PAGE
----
No more monkey business: Thai farmers now have a machine to take them up coconut trees
The Agriculture Department has designed a special machine to help farmers climb coconut trees so they no longer have to rely on monkeys.
This was in response to a 2020 report from the People for the Ethical Treatment of Animals (Peta) accusing Thai coconut farmers of abusing monkeys. Peta has been pushing for a ban on the use of monkeys in the agricultural industry in many countries.
Rapeepat Chansriwong, the department’s director-general, said the climbing machine was created to mitigate the impact Peta’s report has had on Thailand’s coconut exports.
Adding that the machine was safer than the Indian prototype because it includes a belt to ensure the climber’s safety, he said this would bring the industry closer to being automated.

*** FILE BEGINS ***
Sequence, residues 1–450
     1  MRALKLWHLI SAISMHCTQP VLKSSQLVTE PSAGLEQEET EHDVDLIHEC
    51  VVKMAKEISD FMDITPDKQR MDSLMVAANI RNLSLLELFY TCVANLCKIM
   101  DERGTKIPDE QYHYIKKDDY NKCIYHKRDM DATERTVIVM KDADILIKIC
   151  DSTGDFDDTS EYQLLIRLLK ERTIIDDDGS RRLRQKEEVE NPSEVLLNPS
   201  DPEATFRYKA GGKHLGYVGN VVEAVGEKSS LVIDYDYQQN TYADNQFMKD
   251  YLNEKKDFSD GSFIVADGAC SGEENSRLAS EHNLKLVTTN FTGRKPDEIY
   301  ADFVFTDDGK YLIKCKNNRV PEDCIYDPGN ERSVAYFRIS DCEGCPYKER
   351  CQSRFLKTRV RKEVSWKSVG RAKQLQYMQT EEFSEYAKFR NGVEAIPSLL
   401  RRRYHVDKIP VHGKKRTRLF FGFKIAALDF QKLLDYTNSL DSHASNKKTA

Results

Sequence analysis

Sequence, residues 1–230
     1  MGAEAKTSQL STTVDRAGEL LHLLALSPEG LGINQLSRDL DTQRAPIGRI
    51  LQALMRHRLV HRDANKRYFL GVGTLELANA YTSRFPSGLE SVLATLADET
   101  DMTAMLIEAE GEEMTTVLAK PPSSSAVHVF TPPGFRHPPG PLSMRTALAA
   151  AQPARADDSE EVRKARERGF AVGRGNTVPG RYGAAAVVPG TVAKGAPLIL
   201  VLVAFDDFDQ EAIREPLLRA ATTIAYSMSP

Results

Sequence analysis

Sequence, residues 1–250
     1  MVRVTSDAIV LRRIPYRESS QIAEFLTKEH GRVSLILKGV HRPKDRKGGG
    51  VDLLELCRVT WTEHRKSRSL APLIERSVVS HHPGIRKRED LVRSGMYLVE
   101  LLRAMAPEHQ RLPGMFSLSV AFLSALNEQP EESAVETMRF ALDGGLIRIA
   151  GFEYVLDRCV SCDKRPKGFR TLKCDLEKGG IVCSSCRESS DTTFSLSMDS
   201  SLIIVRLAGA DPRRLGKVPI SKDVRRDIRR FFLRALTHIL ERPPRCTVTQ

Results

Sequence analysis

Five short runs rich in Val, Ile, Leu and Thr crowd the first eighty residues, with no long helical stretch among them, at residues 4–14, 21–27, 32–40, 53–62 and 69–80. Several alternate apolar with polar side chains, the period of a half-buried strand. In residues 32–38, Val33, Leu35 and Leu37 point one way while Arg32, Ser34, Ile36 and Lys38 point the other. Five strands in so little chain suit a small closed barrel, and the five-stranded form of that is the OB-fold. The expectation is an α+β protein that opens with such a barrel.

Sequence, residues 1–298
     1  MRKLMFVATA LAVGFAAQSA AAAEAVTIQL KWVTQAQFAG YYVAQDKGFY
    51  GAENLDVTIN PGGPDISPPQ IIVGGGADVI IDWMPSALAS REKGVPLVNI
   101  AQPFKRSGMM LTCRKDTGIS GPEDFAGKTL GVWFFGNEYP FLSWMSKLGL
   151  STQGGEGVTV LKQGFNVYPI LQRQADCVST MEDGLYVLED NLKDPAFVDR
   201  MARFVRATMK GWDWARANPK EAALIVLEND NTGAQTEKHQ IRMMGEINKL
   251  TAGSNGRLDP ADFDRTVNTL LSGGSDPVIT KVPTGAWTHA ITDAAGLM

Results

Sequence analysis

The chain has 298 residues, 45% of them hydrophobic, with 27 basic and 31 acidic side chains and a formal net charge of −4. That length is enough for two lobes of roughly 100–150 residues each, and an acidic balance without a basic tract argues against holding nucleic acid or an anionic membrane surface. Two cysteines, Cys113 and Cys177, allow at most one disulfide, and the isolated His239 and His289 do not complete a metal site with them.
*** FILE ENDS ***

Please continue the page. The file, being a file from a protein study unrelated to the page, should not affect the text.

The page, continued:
“The machine weighs 5 kilograms on either side and allows the user to climb the tree at 0.14 metres per second,” he explained.
Rapeepat explained that the Agriculture Department has set a monkey-free standard as part of its good agricultural practices in response to Peta’s report and is also selling small coconut-tree sprouts.
The climbing machines are being produced by three factories. Those interested in purchasing one can call the department’s Agricultural Engineering Research Institute at (02) 579 2757.